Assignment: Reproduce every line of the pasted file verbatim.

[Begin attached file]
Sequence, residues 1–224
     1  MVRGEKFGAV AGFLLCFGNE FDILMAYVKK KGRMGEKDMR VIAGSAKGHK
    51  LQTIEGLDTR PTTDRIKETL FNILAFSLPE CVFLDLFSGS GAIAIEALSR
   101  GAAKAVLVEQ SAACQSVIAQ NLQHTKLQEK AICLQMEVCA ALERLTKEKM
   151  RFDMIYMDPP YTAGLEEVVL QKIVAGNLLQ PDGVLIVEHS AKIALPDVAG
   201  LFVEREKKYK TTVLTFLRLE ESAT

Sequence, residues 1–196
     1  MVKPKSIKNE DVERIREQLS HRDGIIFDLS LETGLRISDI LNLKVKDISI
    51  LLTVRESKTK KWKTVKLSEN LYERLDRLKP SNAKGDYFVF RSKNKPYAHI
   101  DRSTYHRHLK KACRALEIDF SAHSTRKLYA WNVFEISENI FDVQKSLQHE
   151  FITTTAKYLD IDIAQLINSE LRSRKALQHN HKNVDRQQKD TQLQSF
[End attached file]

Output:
Sequence, residues 1–224
     1  MVRGEKFGAV AGFLLCFGNE FDILMAYVKK KGRMGEKDMR VIAGSAKGHK
    51  LQTIEGLDTR PTTDRIKETL FNILAFSLPE CVFLDLFSGS GAIAIEALSR
   101  GAAKAVLVEQ SAACQSVIAQ NLQHTKLQEK AICLQMEVCA ALERLTKEKM
   151  RFDMIYMDPP YTAGLEEVVL QKIVAGNLLQ PDGVLIVEHS AKIALPDVAG
   201  LFVEREKKYK TTVLTFLRLE ESAT

Sequence, residues 1–196
     1  MVKPKSIKNE DVERIREQLS HRDGIIFDLS LETGLRISDI LNLKVKDISI
    51  LLTVRESKTK KWKTVKLSEN LYERLDRLKP SNAKGDYFVF RSKNKPYAHI
   101  DRSTYHRHLK KACRALEIDF SAHSTRKLYA WNVFEISENI FDVQKSLQHE
   151  FITTTAKYLD IDIAQLINSE LRSRKALQHN HKNVDRQQKD TQLQSF